Of course, restaurateurs and business owners aren’t usually trained acousticians or interior designers. It can be challenging knowing where to start when it comes to finding products to reduce noise and improve acoustics in their venues and workspaces. This is where Quiet Mark’s Acoustic Academy platform can help; providing a one-stop online directory of Third Party Certified acoustic solutions for every application area and building type.

“Optimising acoustic comfort within any space requires a two pronged approach”, explains Poppy Szkiler, CEO/ Founder at Quiet Mark. “One needs to both choose appliances that have low noise levels and are proven to be the quietest of their category, like coffee machines, air purifiers, hand dryers and washing machines, and introduce more acoustic enhancing products and materials, such as glazing, flooring, ceilings, and sound absorbing lighting and furniture”.



Since launching 10 years ago, Quiet Mark, the independent global certification programme associated with the UK Noise Abatement Society charitable foundation, has made it easier for consumers and trade buyers to find the quietest, best performing products. Their logo can be seen on products by brands including DysonSamsungMieleBuzziSpace and Rockfon, in leading retailers such as John LewisArgos and Very, and on NBS, a leading construction data and specification platform.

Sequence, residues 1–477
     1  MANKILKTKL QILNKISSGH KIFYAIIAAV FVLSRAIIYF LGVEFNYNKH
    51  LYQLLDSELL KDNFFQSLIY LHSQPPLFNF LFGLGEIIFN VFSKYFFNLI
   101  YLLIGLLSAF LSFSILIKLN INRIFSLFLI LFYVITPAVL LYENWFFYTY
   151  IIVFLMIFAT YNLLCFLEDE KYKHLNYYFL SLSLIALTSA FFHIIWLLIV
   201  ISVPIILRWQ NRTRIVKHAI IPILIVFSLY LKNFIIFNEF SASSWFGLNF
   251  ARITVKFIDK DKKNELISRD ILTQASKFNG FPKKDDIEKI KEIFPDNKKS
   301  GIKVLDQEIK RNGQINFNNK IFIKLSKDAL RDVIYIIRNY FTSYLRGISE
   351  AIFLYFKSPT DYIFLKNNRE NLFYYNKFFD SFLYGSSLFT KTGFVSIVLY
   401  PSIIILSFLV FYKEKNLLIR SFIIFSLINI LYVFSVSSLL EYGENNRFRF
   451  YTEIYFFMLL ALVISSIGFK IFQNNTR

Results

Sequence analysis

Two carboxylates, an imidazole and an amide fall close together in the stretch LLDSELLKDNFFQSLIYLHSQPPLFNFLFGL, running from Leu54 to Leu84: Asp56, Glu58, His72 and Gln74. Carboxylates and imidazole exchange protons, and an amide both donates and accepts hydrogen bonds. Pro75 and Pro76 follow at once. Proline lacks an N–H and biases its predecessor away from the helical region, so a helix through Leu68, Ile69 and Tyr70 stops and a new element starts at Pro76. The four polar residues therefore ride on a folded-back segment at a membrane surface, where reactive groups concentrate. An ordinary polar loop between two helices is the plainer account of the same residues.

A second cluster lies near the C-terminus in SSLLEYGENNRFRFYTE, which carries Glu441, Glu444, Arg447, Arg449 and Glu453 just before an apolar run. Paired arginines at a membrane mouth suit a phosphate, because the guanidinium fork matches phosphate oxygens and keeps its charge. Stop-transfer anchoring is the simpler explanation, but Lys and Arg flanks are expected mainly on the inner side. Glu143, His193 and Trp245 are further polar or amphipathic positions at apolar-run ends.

Visitors to Acoustics Academy are first invited to select their building type, from a comprehensive selection including Office, Restaurant, Hospital and Hotel. They can then browse acoustic solutions ranging from lighting, partitions and furniture by BuzziSpace, meeting pods by BlockO (pictured below), glazing and sliding doors by Internorm, curtain tracks by Silent Gliss, or ceiling solutions by RockfonKnauf, or BASWA acoustic.

You’ll also find innovative soundscaping solutions in the Acoustics Academy. Quiet Mark recently certified Moodsonic, which introduces responsive nature-inspired soundscapes that demonstrably improve human experiences and wellbeing indoors.


Blocko Acoustic Meeting Pod


Sonically, the places where we spend most of our waking hours are unrecognisable from the natural environments we evolved in. Buildings like workplaces, hospitals and schools tend to be distracting and lacking the richness and therapeutic value of the natural world.

“The way people process sound is deeply personal. But, the evolutionary process did instil some common responses, which have been explored in hundreds of scientific papers”, explains Evan Benway, Managing Director at biophilic soundscape specialist Moodsonic.

“Birdsong, for example, tends to help us feel safe and secure, and its absence can indicate the presence of predators. And, just as the dawn chorus was once our natural alarm clock, the sound of birds can actually trigger our bodies’ circadian rhythms, improving our sleep cycles and quality”.

Moodsonic works with some of the world’s largest organisations to turn the sound of their buildings from a painful afterthought into a positive and exciting design tool. Its nature-based soundscapes create choice for people across a space, and use algorithms to optimise environments in real-time. Sound and technology come together to create buildings that are more comfortable, diverse and productive.


Read the original feature on the Architecture Magazine website here.